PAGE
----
Retiring Arizona Prison Watch...

This site was originally started in July 2009 as an independent endeavor to monitor conditions in Arizona's criminal justice system, as well as offer some critical analysis of the prison industrial complex from a prison abolitionist/anarchist's perspective. It was begun in the aftermath of the death of Marcia Powell, a 48 year old AZ state prisoner who was left in an outdoor cage in the desert sun for over four hours while on a 10-minute suicide watch. That was at ASPC-Perryville, in Goodyear, AZ, in May 2009.

Marcia, a seriously mentally ill woman with a meth habit sentenced to the minimum mandatory 27 months in prison for prostitution was already deemed by society as disposable. She was therefore easily ignored by numerous prison officers as she pleaded for water and relief from the sun for four hours. She was ultimately found collapsed in her own feces, with second degree burns on her body, her organs failing, and her body exceeding the 108 degrees the thermometer would record. 16 officers and staff were disciplined for her death, but no one was ever prosecuted for her homicide. Her story is here.

Marcia's death and this blog compelled me to work for the next 5 1/2 years to document and challenge the prison industrial complex in AZ, most specifically as manifested in the Arizona Department of Corrections. I corresponded with over 1,000 prisoners in that time, as well as many of their loved ones, offering all what resources I could find for fighting the AZ DOC themselves - most regarding their health or matters of personal safety.

I also began to work with the survivors of prison violence, as I often heard from the loved ones of the dead, and learned their stories. During that time I memorialized the Ghosts of Jan Brewer - state prisoners under her regime who were lost to neglect, suicide or violence - across the city's sidewalks in large chalk murals. Some of that art is here.

In November 2014 I left Phoenix abruptly to care for my family. By early 2015 I was no longer keeping up this blog site, save occasional posts about a young prisoner in solitary confinement in Arpaio's jail, Jessie B.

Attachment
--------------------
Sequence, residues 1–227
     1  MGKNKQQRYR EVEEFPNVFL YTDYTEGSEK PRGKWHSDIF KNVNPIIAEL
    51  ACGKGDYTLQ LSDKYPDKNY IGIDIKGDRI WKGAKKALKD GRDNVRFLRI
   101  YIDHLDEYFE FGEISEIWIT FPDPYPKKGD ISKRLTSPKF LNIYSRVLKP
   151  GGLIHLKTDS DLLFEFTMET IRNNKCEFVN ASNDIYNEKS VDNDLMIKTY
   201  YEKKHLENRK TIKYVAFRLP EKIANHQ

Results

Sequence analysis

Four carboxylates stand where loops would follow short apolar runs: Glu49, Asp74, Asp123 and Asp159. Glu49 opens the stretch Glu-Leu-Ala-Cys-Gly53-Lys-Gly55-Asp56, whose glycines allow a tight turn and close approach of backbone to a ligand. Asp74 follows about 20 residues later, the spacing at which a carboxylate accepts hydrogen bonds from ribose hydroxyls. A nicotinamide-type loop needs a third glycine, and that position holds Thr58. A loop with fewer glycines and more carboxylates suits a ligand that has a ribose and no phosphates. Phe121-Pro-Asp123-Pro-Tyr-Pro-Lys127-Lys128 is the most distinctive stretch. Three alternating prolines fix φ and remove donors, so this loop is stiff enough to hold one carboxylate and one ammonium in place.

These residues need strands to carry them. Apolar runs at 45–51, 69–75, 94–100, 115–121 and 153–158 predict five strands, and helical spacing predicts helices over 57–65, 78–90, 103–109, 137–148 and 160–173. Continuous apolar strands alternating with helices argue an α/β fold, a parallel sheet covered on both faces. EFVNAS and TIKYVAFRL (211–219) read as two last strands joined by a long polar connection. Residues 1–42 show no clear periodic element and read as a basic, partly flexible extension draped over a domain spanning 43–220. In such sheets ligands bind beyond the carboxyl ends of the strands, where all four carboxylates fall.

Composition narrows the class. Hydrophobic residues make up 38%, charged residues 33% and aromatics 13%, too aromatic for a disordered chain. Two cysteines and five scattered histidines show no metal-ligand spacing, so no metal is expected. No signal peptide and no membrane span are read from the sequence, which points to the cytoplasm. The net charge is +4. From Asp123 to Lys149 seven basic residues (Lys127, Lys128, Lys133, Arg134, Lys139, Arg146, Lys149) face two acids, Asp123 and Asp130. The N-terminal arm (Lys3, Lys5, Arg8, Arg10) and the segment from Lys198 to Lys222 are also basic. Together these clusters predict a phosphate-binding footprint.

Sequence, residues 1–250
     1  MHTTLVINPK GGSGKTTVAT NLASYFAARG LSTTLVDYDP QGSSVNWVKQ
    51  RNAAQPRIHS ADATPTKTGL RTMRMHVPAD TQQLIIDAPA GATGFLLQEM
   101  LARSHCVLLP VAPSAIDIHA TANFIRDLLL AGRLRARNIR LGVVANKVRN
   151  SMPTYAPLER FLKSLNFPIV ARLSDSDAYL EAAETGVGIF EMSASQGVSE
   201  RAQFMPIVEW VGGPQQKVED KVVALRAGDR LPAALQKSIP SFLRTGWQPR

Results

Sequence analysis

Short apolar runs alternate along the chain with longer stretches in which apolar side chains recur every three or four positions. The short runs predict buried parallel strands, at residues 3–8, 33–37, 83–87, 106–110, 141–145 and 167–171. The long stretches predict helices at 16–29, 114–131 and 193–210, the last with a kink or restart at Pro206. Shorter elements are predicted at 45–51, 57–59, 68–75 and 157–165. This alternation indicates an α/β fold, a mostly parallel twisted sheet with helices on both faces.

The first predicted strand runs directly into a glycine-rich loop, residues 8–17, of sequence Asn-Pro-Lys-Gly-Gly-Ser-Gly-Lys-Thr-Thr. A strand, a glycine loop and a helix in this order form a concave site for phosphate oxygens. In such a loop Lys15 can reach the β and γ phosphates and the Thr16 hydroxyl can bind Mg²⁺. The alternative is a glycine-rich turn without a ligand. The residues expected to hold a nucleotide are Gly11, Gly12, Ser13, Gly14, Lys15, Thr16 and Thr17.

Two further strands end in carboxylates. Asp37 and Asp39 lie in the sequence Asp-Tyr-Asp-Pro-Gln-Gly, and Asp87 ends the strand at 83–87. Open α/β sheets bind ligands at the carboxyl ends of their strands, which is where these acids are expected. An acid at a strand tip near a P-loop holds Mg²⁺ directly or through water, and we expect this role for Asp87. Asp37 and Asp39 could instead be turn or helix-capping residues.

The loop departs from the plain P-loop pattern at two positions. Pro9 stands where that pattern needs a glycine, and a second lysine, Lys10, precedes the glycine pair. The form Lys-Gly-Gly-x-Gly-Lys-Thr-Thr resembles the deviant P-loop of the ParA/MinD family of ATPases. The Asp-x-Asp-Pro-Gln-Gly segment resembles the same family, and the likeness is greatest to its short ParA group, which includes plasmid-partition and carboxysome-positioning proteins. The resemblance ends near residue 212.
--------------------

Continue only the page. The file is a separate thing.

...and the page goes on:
I'm deeply grateful to the prisoners who educated, confided in, and encouraged me throughout the years I did this work. My life has been made all the more rich and meaningful by their engagement.

I've linked to some posts about advocating for state prisoner health and safety to the right, as well as other resources for families and friends. If you are in need of additional assistance fighting the prison industrial complex in Arizona - or if you care to offer some aid to the cause - please contact the Phoenix Anarchist Black Cross at PO Box 7241 / Tempe, AZ 85281.

until all are free -

MARGARET J PLEWS (June 1, 2015)


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Thursday, July 1, 2010

CCA Murders: Override the veto. Audit CCA.

And bring your people home.

Those of you entertaining a CCA prison in your back yards in AZ, listen up - Alex knows what he's talking about.


Mainland Private Prisons Should Be Audited: Open Letter to Hawaii Lawmakers – Override Governor’s Veto of HB 415

Letters - The Hawaii Reporter

Monday, June 28th, 2010

BY ALEX FRIEDMANN – I am the associate editor of Prison Legal News, a non-profit publication that reports on criminal justice issues, and I am contacting Hawaii lawmakers in reference to HB 415, which was recently vetoed by Governor Lingle.